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Father Richard Kopinski Announces Retirement

A popular novel, The Cardinal, first gave young Richard Kopinski the idea that he might have a calling to be a priest.

“I was taken with the idea of a priest as someone who belongs exclusively to God,” said Father Kopinski, pastor of St. Hyacinth Catholic Church, Glen Head. He had read the 1950 novel by Henry Morton Robinson. The novel was made into a 1963 film directed by Otto Preminger.

That calling would take him far from Long Island, first to the University of Notre Dame and later Africa, but eventually back to Long Island.

Now, he is preparing to retire June 26, having served as pastor of St. Hyacinth for more than 20 years. “I’ve tried to live that out.”

Succeeding him will be Father Marian Bicz, pastor of Our Lady of Ostrabrama, Cutchogue.

Growing up in Greenlawn, he belonged to St. Philip Neri, Northport, and attended the parish school. The family later moved to St. Anthony of Padua, East Northport.

“We were a very Catholic family,” he recalled. “Mass on Sunday and rosary during the week.” He went to St. Dominic High School, Oyster Bay, and became involved in the Catholic Student Mission Crusade.

Once he attended a conference of the Catholic Student Mission Crusade at Notre Dame. There, he became attracted to the Holy Cross Fathers, who founded Notre Dame.

“I wanted to become a foreign missionary,” Father Kopinski said. He went to Notre Dame, entered the Holy Cross Fathers. After he was ordained, he was sent to the missions in Uganda, Africa. After a few years, he returned to the U.S. and served as a teacher at Holy Cross High School in Flushing, Queens.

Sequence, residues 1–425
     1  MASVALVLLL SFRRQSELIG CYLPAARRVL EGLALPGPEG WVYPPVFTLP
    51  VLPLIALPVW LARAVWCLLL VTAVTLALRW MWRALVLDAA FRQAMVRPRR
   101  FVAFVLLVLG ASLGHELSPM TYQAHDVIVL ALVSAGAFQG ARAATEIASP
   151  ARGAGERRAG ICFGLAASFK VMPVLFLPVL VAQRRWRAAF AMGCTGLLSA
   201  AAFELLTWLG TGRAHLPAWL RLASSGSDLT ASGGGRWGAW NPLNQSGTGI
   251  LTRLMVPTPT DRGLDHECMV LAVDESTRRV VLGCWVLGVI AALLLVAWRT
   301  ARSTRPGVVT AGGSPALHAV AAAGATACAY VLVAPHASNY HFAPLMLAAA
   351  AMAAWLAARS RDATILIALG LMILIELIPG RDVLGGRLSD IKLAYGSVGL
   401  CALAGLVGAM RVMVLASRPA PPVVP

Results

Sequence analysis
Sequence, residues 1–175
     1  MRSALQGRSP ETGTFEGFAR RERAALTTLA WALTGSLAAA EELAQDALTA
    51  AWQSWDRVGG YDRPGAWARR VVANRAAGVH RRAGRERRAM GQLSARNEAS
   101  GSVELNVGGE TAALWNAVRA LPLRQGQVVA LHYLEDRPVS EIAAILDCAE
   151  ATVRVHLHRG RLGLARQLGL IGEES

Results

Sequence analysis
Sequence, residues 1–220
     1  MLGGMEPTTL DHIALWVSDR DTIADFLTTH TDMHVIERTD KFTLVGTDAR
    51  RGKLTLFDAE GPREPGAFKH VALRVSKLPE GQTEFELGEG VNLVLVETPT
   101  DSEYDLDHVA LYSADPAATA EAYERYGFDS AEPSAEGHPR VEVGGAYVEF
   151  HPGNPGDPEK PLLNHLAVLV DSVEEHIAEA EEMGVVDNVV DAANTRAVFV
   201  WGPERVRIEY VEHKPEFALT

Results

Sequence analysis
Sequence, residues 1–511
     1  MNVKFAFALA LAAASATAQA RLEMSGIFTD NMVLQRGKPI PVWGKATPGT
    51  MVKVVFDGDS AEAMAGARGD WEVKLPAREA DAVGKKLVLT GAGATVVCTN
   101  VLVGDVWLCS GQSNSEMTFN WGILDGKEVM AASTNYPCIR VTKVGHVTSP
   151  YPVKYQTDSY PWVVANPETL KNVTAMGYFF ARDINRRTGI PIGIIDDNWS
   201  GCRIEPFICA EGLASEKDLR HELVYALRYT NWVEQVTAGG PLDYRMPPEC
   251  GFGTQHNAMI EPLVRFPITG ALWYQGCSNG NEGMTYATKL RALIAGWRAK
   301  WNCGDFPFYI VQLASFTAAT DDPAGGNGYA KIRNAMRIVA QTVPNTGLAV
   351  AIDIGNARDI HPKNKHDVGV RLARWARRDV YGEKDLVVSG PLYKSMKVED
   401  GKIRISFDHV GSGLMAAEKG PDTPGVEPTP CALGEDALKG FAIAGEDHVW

After a while, he applied to become a diocesan priest for the Diocese of Rockville Centre, Long Island, in 1973.

He served as associate pastor at St. Catherine of Sienna, Franklin Square, Holy Name of Mary, Valley Stream, and later as teacher at St. Pius X Preparatory Seminary, Uniondale, a high school for young men interested in the priesthood.

In 1984, he was assigned to his first pastorate, Our Lady of Ostrabrama, which is a Polish ethnic parish in Cutchogue. His years there were happy.

“It was my introduction to Polish culture,” Father Kopinski said. His family was Polish, but there were few Polish families where he grew up and he had limited opportunity to experience Polish language, culture, music and the unique Polish Church tradition.

“I didn’t know Polish, so I had to learn,” because some of the Masses are offered in Polish. “I still don’t know it as well as I’d like, but I can get by.”

He came to St. Hyacinth, also a Polish parish, in 1992. “This has been a wonderful parish. The people have been very supportive and generous.”

Looking back through his varied experiences, Father Kopinski said that he is happy with the priesthood.

 “There are surprises. While you are being trained you concentrate on the spiritual aspects of the priesthood but much of your time is working with people and finding harmony with the people who are serving.

“My greatest joy is to be able to offer Mass,” Father Kopinski said, as well as to be with the people in their difficulties as well as their joys.

Father Kopinski will continue to live at St. Hyacinth and hopes to still assist. He has no other plans for retirement at this point. “I’d like to travel,” but health problems make it difficult for him to travel alone.

“People tell me that I should have a hobby,” Father Kopinski said, “but I have never had time for a hobby. Perhaps I will now.”